• G.R. No. 191150, October 10, 2016 - NATIONAL ASSOCIATION OF ELECTRICITY CONSUMERS FOR REFORMS (NASECORE), REPRESENTED BY PETRONILO ILAGAN, FEDERATION OF VILLAGE ASSOCIATIONS (FOVA), REPRESENTED BY SIEGFRIEDO VELOSO, AND FEDERATION OF LAS PIÑAS VILLAGE ASSOCIATIONS (FOLVA), REPRESENTED BY BONIFACIO DAZO, Pemtitioners, v. MANILA ELECTRIC COMPANY (MERALCO), Respondent.

  • G.R. No. 208351, October 05, 2016 - BENJAMIN RUSTIA, JR., BENJAMIN RUSTIA, SR., AND FAUSTINO "BONG" RUSTIA, Petitioners, v. PEOPLE OF THE PHILIPPINES, Respondent.

  • I.P.I. No. 16-243-CA-J, October 11, 2016 - ARTHUR F. MORALES I, Complainant, v. LEONCIA REAL-DIMAGIBA, JHOSEP Y. LOPEZ, AND RAMON R. GARCIA, ASSOCIATE JUSTICES, FIFTEENTH DIVISION, COURT OF APPEALS, MANILA, Respondents.

  • G.R. No. 215038, October 17, 2016 - NORMA C. MAGSANO, ISIDRO C. MAGSANO, RICARDO C. MAGSANO, ROQUE C. MAGSANO, JR., NIDA M. CAGUIAT, PERLITA MAGSANO, AND SALVADOR C. MAGSANO, Petitioners, v. PANGASINAN SAVINGS AND LOAN BANK, INC. AND SPOUSES EDDIE V. MANUEL AND MILAGROS C. BALLESTEROS, SUBSTITUTED BY HER HEIRS: GEMMA C. MANUEL­PEREZ, ANGELO JOHNDREW MANUEL, AND RESSY C. MANUEL, Respondents.

  • A.C. No. 8638, October 10, 2016 - DATU BUDENCIO E. DUMANLAG, Complainant, v. ATTY. WINSTON B. INTONG, Respondent.

  • G.R. Nos. 177857-58, October 05, 2016 - PHILIPPINE COCONUT PRODUCERS FEDERATION, INC. (COCOFED), MANUEL V. DEL ROSARIO, DOMINGO P. ESPINA, SALVADOR P. BALLARES, JOSELITO A. MORALEDA, PAZ M. YASON, VICENTE A. CADIZ, CESARIA DE LUNA TITULAR, AND RAYMUNDO C. DE VILLA, Petitioners, v. REPUBLIC OF THE PHILIPPINES, Respondent.; WIGBERTO E. TAÑADA, OSCAR F. SANTOS, SURIGAO DEL SUR FEDERATION OF AGRICULTURAL COOPERATIVES (SUFAC) AND MORO FARMERS ASSOCIATION OF ZAMBOANGA DEL SUR (MOFAZS), REPRESENTED BY ROMEO C. ROYANDOYAN, Intervenors.; G.R. No. 178193 - DANILO B. URSUA, Petitioner, v. REPUBLIC OF THE PHILIPPINES, Respondent.

  • A.C. No. 7388, October 19, 2016 - ATTY. RUTILLO B. PASOK, Complainant, v. ATTY. FELIPE G. ZAPATOS, Respondent.

  • G.R. No. 220761, October 03, 2016 - PEOPLE OF THE PHILIPPINES, Plaintiff-Appellee, v. EDDIE OLAZO, MIGUEL CORDIS, CHARITO FERNANDEZ AND ROGELIO LASCONIA, Accused,; CHARITO FERNANDEZ, Accused-Appellant.

  • G.R. No. 214875, October 17, 2016 - PEOPLE OF THE PHILIPPINES, Plaintiff-Appellee, v. ARIELLAYAG ACCUSED-APPELLANTS., Respondent.

  • G.R. No. 219584, October 17, 2016 - PEOPLE OF THE PHILIPPINES, Plaintiff-Appellee, v. PLACIDO GOCO Y OMBROG, Accused-Appellant.

  • G.R. No. 192679, October 17, 2016 - ANTONIO ESCOTO, Petitioner, v. PHILIPPINE AMUSEMENT AND GAMING CORPORATION, Respondent.

  • G.R. No. 216023, October 05, 2016 - DR. RESTITUTO C. BUENVIAJE, Petitioner, v. SPOUSES JOVITO R. AND LYDIA B. SALONGA, JEBSON HOLDINGS CORPORATION AND FERDINAND JUAT BAÑEZ, Respondent.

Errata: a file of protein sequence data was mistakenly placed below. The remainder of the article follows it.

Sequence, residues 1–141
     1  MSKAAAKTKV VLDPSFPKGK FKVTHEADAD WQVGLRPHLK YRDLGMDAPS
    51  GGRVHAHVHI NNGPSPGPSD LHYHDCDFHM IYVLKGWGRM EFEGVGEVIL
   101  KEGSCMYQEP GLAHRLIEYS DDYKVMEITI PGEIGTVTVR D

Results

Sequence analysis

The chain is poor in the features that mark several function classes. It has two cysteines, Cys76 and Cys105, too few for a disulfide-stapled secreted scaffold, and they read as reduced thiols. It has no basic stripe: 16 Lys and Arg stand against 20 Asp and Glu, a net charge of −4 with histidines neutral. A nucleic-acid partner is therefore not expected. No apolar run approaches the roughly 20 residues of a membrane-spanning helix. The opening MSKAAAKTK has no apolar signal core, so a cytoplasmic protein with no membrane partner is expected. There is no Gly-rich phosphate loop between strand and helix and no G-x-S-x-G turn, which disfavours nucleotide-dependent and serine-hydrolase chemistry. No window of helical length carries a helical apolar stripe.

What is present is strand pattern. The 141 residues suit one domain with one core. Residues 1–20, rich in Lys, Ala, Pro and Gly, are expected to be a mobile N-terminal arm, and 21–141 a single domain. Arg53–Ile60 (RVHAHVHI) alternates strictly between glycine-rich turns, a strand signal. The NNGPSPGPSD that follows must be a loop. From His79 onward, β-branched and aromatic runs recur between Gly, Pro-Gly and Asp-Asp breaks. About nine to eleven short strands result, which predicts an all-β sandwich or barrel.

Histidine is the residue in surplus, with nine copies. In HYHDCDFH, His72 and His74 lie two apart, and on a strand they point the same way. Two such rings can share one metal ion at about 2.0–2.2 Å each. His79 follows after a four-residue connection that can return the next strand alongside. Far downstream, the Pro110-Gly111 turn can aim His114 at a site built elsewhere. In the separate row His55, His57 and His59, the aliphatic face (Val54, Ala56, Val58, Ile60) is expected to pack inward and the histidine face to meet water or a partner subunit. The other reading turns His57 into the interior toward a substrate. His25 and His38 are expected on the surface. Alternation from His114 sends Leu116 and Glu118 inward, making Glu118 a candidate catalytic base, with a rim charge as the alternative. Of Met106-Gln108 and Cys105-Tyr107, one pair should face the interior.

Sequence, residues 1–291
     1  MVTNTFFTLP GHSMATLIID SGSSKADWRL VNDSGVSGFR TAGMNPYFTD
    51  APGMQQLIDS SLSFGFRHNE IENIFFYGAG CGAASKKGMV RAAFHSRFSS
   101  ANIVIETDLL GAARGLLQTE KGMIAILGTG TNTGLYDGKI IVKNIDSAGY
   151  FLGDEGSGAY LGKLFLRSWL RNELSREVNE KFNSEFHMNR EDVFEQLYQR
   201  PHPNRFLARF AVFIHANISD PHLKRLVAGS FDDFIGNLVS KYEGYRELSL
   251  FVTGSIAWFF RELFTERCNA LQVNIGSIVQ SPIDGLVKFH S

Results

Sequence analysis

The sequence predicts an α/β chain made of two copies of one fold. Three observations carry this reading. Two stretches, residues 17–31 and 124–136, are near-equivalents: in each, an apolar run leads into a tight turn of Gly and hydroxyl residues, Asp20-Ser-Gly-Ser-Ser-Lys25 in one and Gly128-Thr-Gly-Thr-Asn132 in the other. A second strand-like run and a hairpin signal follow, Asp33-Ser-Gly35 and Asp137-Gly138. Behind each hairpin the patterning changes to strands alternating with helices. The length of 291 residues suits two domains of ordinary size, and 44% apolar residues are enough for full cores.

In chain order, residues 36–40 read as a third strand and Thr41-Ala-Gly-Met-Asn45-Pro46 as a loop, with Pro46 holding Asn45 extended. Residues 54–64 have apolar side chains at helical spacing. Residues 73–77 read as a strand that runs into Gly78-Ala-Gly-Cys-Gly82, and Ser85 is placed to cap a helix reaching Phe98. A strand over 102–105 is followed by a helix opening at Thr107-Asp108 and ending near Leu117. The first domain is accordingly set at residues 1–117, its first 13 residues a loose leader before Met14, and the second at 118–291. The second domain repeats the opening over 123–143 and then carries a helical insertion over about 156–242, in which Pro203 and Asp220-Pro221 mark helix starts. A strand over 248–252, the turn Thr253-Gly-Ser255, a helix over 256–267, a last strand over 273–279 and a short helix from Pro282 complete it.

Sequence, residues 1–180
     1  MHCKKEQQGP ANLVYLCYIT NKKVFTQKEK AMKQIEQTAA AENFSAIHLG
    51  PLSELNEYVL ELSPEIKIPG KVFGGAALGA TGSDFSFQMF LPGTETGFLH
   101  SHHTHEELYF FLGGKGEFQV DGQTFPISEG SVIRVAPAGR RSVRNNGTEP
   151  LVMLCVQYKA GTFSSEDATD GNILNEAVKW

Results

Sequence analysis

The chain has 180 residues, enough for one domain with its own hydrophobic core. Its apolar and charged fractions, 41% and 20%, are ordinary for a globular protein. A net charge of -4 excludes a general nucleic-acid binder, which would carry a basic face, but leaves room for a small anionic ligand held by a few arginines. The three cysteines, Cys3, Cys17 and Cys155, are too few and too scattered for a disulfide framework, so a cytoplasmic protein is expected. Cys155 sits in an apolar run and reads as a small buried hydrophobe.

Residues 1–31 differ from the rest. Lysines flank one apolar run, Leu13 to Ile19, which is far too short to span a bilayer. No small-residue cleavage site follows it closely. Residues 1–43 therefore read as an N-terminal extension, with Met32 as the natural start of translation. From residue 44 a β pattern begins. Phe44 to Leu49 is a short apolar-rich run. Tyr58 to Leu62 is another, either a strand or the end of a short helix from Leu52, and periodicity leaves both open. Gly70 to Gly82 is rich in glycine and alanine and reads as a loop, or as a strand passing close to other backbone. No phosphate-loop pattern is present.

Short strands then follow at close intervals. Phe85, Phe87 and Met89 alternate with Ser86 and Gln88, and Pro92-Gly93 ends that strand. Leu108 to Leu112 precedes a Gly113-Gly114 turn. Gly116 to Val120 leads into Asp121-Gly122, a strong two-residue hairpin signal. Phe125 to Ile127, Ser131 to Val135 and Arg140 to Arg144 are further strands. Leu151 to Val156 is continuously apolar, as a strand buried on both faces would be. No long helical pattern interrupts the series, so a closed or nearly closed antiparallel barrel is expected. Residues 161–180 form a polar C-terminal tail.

• G.R. No. 206691, October 03, 2016 - ATTY. RAYMUND P. PALAD, Petitioner, v. LOLIT SOLIS, SALVE V. ASIS, AL G. PEDROCHE AND RICARDO F. LO, Respondents.

  • G.R. No. 206534, October 05, 2016 - JULIA LIM ROSARIO, MERCEDES LIM CUSTODIO AS REPRESENTED BY DONNO CUSTODIO, NORMA LICARDO, AND LEILA ESPIRITU, Petitioners, v. ALFONSO LIM, Respondent.

  • G.R. No. 198782, October 19, 2016 - ALLAN BAZAR, Petitioner, v. CARLOS A. RUIZOL, Respondent.

  • G.R. No. 191823, October 05, 2016 - DEE JAY'S INN AND CAFE AND/OR MELINDA FERRARIS, Petitioners, v. MA. LORINA RAÑESES, Respondent.

  • G.R. No. 207898, October 19, 2016 - ERROL RAMIREZ, JULITO APAS, RICKY ROSELO AND ESTEBAN MISSION, JR., Petitioners, v. POLYSON INDUSTRIES, INC. AND WILSON S. YU, Respondent.

  • G.R. No. 223561, October 19, 2016 - PEOPLE OF THE PHILIPPINES, Plaintiff-Appellee, v. JIMMY PITALLA, JR. Y DIOSA A.K.A. "BEBE," Accused-Appellant.

  • G.R. No. 196670, October 12, 2016 - ALLIED BANKING CORPORATION, Petitioner, v. SPOUSES RODOLFO AND GLORIA MADRIAGA, Respondents.

  • G.R. No. 192282, October 05, 2016 - A. NATE CASKET MAKER AND/OR ARMANDO AND ANELY NATE, Petitioners, v. ELIAS V. ARANGO, EDWIN M. MAPUSAO, JORGE C. CARIÑO, JERMIE MAPUSAO, WILSON A. NATE, EDGAR A. NATE, MICHAEL A. MONTALES, CELSO A. NATE, BENJES A. LLONA AND ALLAN A. MONTALES, Respondent.

  • A.C. No. 6767, October 05, 2016 - ELIZABETH RECIO, Complainant, v. ATTY. JOSELITO I. FANDIÑO, Respondent.

  • G.R. No. 187544, October 03, 2016 - MARILOU BALASBAS, FELIPE OLEGARIO, JOSE NARYAEZ, RODOLFO BUMANLAG,* TEODORO MISIA, MARCELINO VILA, HILARIO ALCALA, MACARIO CORDOVA, SALVADOR ABAIGAR, ATILANO BACUD & LEONIDES BOLVIDO, Petitioners, v. ROBERTO L. UY REALTY & DEVELOPMENT CORPORATION, Respondent.

  • G.R. No. 211539, October 17, 2016 - THAMERLANE M. PEREZ, Petitioner, v. DOMINADOR PRISCILLA RASACEÑA, NAVARRO AND ADELFA LIM, Respondent.